With David Bond the group looked at the barriers to kids connecting with nature and there were four main themes;
Fear – for children’s safety, stranger danger, being risk adverse
Time – parents being too busy to be able to supervise children’s outdoor play
Space – the availability of natural areas
Technology – the competing demands from screen-time which takes away from outdoors play.
As the seminar continued and the group looked at the Dunedin example it became clear that the same barriers to connecting children with nature were present here;
People not knowing the value of spending time in nature
Lack of parental time to facilitate children’s time in nature
Lack of access to green spaces
Time-poor kids (too many competing demands such as homework, sport etc)
A perception of ‘geeky nature’; nature-play not being cool
Parental peer-pressure to not have ‘wild kids’
Overzealous H&S requirements and a blame culture leading to time in nature being seen as too risky
Lack of equipment, competency and knowledge
Dunedin is a great city, full of fantastic places to visit and play, but just how well do we promote their values and their use to the community? The Dunedin landscape has much to offer our community, but how well do we know our neighbourhood parks and reserves? By and large those places cost us nothing to use, and as David Bond suggests nature is actually free. So while there is a bounty on our doorstep, some in our community know very little about those areas and the experiences they offer. This was brought home to the Society recently when people on the 2015 Town Belt Traverse said they “didn’t know this was here!“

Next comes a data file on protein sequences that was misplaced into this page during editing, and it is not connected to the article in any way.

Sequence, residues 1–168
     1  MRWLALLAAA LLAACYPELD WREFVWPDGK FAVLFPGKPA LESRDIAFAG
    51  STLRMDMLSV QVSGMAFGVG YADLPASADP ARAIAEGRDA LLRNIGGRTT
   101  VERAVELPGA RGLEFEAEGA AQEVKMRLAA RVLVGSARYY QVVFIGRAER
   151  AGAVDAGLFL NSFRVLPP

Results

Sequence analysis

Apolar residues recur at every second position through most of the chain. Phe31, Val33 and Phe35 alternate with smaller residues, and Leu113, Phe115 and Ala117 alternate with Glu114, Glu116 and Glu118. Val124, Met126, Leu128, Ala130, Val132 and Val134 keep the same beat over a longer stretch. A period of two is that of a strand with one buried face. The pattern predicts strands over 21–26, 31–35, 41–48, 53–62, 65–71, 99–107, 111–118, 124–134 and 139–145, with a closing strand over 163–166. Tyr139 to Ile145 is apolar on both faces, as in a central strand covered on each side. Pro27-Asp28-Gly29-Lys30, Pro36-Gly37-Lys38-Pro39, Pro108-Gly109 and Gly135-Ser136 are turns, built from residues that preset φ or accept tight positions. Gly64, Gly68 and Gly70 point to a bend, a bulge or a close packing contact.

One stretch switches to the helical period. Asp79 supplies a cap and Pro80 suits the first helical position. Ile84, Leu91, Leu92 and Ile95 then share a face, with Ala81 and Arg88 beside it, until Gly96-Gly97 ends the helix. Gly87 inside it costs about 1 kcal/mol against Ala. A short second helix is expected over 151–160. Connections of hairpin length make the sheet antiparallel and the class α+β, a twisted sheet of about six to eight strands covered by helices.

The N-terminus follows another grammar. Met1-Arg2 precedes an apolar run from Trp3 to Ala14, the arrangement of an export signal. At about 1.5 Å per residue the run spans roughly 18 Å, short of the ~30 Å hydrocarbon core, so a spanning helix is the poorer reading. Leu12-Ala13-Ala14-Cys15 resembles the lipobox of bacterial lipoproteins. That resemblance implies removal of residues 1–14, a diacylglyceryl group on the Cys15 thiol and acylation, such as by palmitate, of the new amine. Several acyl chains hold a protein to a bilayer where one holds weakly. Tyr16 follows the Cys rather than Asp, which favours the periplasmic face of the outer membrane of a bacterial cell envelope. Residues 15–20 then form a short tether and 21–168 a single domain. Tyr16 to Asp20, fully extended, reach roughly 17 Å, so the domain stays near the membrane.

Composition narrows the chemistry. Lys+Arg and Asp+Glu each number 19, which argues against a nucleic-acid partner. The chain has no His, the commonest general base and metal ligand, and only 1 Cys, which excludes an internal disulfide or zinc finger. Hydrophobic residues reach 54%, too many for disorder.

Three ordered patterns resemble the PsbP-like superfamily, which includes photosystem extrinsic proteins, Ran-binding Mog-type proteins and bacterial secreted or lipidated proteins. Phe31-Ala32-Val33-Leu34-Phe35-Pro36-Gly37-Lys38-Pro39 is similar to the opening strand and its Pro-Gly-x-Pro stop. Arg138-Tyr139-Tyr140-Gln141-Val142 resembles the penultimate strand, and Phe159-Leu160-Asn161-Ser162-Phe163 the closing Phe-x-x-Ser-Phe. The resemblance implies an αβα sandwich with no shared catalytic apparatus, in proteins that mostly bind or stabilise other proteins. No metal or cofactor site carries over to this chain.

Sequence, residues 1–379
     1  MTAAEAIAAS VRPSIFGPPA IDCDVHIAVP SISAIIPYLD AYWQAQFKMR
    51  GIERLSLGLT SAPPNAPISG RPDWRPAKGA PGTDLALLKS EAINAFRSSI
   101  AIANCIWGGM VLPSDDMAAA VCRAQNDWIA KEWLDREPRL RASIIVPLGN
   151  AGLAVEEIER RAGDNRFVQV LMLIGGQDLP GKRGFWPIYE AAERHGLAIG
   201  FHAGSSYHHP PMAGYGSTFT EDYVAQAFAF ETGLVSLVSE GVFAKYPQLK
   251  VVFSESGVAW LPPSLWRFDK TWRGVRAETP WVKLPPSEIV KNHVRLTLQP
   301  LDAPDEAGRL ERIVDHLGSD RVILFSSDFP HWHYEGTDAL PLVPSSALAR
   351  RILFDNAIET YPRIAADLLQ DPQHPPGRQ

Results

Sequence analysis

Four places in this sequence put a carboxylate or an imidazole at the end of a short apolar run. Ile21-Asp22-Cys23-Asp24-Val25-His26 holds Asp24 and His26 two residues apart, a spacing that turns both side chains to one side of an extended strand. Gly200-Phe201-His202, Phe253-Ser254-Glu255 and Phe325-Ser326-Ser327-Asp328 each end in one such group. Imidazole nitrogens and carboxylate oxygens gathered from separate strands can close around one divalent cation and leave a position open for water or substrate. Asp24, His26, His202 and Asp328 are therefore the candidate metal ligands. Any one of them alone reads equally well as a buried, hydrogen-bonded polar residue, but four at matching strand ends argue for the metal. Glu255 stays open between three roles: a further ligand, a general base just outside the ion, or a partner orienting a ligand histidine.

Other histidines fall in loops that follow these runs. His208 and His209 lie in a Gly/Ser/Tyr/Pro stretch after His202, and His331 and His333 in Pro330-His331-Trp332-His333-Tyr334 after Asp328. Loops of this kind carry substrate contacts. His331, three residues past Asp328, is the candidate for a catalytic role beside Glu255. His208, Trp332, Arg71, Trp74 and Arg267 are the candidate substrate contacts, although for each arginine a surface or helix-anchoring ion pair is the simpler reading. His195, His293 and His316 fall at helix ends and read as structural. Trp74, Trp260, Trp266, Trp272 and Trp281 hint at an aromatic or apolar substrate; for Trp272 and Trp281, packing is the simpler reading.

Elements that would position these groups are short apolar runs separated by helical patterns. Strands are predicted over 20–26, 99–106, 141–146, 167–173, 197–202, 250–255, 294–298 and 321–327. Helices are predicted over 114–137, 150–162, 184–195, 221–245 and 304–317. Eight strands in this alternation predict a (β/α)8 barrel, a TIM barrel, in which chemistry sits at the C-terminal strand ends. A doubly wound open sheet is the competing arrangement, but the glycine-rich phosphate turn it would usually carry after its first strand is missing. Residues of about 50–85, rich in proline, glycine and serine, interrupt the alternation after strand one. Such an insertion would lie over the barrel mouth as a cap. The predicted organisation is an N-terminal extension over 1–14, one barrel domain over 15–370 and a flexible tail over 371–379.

As an organisation the Dunedin Amenities Society have a role to play in encouraging people in the community to explore our open spaces and encourage our children to put the wild back into the wilderness.
Drive around Dunedin in the spring and Les Cleveland’s contribution to the city is evident in many of our most public places. His energy and drive to beautify Dunedin and provide people with pleasure is instantly recognisable in the thousands of daffodils that he donated and planted here. It was a great pleasure for the Society to contribute with Rotary in creating a fitting memorial to Les in a picturesque area of the Town Belt adjacent to Olveston. The new memorial and seat was unveiled by the Mayor and it was pleasing to see Les’ wife Margaret and family present at the unveiling. With it a being a glorious spring day the gathering enjoyed a cup of tea in the Olveston garden, and in a such a picturesque setting you couldn’t help but think that Les would have approved.